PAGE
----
West of Ireland
Galway Travel Resources
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Galway and Western Ireland
Ireland Travel Companion
The West of Ireland - home of Galway, Connemara, Mayo, Clare and the revered Croagh Patrick. A rugged coastline, splintered by the Atlantic's timeless persistence, is peppered with peninsulas, ports and tiny islands.
If you have brought your walking boots to Ireland, there is no better place to make use of them than here, where Ireland's westermost trails skirt secluded lakes, delve into scenic valleys, and meander along a coastline which yields some of Ireland's most breathtaking sea views.
Visitors to the West of Ireland will marvel at its natural beauty, and will cherish its memories as fondly as they do the friendliness of the locals. Come here to find some of Ireland's best evening entertainments and folk sessions, perhaps a little more authentic than you might find in the most tourist-friendly haunts of Dublin and Killarney. Before you know it, you'll be singing along!
Galway, City of the Tribes, is one of Ireland's most popular tourist destinations, known for its charming cobbled streets, its friendly residents, and its pervasive sense of history. Visitors are drawn to the brightly-painted pubs, teeming with activity and traditional Irish folk music; the legendary street performers, enchanting the crowds; and the countless festivals which take place in Galway every year.
Trad on the Prom
If Riverdance did festivals...? This showcase of Irish traditional folk music and dance combines the best of Irish trad culture with a great openair festival atmosphere. Featuring world-champion dancers, as well as some of the Riverdance cast, the show has met with near-unanimity in its positive reception among visitors. The price tag might rule it out for some, especially larger families, but those who go are in for a treat. Be sure to book well in advance: shows sell out months ahead.
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- Admission: Adult/child €30 /€10 (all admissions are included in our escorted tours)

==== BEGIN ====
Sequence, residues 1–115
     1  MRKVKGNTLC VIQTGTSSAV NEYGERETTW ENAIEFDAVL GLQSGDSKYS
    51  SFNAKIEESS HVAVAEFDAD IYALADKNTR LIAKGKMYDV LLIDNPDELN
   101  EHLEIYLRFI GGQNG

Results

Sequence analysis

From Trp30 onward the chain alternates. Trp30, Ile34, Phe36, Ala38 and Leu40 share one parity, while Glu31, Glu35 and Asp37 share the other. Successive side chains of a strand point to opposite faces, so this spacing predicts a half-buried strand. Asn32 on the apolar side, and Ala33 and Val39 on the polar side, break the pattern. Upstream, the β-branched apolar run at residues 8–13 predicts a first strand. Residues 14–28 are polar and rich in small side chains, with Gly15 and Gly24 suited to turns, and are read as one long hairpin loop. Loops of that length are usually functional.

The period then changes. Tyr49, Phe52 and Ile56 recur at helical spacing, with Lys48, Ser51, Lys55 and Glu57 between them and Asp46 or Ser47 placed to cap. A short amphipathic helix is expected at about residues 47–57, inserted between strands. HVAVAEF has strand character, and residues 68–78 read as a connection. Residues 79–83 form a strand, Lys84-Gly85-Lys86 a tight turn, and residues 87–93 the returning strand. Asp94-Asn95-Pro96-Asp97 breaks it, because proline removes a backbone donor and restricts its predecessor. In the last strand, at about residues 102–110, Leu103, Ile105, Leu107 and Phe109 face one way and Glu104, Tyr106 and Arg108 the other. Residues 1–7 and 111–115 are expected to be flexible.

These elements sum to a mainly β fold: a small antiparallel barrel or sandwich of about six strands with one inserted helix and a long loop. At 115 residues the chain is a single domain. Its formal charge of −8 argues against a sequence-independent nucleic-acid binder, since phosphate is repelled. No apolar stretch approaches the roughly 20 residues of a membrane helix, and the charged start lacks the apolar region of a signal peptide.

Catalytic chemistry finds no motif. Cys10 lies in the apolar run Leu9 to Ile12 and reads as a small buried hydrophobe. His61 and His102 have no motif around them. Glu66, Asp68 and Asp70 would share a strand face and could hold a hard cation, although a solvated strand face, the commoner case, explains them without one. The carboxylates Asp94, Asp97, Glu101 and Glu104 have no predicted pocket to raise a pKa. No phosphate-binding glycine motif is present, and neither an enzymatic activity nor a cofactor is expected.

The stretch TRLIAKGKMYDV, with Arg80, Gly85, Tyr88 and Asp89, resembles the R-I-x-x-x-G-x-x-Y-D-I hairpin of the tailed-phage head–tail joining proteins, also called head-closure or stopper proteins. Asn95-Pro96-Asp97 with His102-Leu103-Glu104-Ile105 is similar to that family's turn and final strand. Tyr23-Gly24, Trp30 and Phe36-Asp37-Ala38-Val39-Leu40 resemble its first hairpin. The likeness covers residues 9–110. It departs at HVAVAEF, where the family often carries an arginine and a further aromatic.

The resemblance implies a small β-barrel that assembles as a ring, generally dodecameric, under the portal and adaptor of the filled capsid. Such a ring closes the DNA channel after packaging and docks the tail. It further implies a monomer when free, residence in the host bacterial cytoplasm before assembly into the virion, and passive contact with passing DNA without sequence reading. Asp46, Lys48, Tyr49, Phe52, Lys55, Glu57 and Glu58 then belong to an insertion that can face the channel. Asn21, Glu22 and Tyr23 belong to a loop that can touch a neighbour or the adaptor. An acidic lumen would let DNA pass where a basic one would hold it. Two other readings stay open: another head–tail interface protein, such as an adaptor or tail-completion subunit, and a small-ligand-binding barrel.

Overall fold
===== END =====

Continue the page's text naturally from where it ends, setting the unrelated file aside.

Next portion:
- TripAdvisor Reviews
Spanish Arch & Surrounding Area
Perhaps not worth a special trip on its own, The Spanish Arch arguably stands out more because of the vibrant atmosphere which pervades the surrounding area, particularly in summer when visitors and locals mingle together, eating out in the sun and enjoying the buskers and street performers. The arch itself is thought to be part of the original medieval city walls. Ranked #30 out of 75 on TripAdvisor for Galway attractions, you might not remember this as the most spectacular historical site of your trip to Ireland, but summer visitors will recall the atmosphere fondly. Stop here for lunch before you continue to explore the city. From here, take in the Galway City Museum or the rest of the Latin Quarter before heading to the shops and restaurants of Quay Street.
Hall of the Red Earl
Although it is situated in the same part of the city as the Spanish Arch and its neighbouring attractions, The Hall of the Red Earl will perhaps feel slightly less touristic than much of what you will find in Galway's rich city centre. With a story which begins in 1230 AD, the Hall is very much an archaeological attraction: expect fascinating artefacts and displays but, of the Hall itself, only the foundations remain. These were discovered as recently as 1997 when plans to extend the city's Custom House unearthed a sufficient wealth of archaeological finds to keep teams of excavators busy for two years. In 2001, the extension to Custom House, held aloft on stilts, was opened, encorporating the archaeology beneath as an integral feature. Anyone interested in archaeology should certainly make the short trip.
Find out More:Plan a Family Trip to Western Ireland
Detours and Diversions
Westport is a charming town in County Mayo. Located about 1hr 30 mins from Galway, this remote area of Ireland retains all of its rugged beauty. There's plenty to see and do around Westport including the Great Western Greenway, Achill Island, Clare Island, Clew Bay with it's 365 Islands, Westport House and Croagh Patrick.